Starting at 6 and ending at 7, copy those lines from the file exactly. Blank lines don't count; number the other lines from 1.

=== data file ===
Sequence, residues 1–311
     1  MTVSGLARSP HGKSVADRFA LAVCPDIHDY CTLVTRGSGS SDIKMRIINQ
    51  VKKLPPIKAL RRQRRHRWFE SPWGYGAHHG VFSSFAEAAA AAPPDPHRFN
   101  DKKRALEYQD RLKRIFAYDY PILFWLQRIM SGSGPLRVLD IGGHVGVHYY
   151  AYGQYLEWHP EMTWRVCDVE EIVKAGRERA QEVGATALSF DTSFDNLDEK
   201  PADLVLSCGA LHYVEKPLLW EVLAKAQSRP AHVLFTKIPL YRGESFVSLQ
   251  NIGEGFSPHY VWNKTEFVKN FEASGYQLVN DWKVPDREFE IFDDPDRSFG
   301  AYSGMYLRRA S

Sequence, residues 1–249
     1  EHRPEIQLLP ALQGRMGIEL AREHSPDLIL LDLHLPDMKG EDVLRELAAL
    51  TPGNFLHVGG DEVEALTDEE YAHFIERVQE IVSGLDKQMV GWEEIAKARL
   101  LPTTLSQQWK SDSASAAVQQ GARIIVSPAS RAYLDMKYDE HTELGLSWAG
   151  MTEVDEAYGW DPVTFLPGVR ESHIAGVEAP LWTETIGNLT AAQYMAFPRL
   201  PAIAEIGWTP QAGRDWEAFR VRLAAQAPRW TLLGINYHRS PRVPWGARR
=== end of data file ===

   201  PADLVLSCGA LHYVEKPLLW EVLAKAQSRP AHVLFTKIPL YRGESFVSLQ
   251  NIGEGFSPHY VWNKTEFVKN FEASGYQLVN DWKVPDREFE IFDDPDRSFG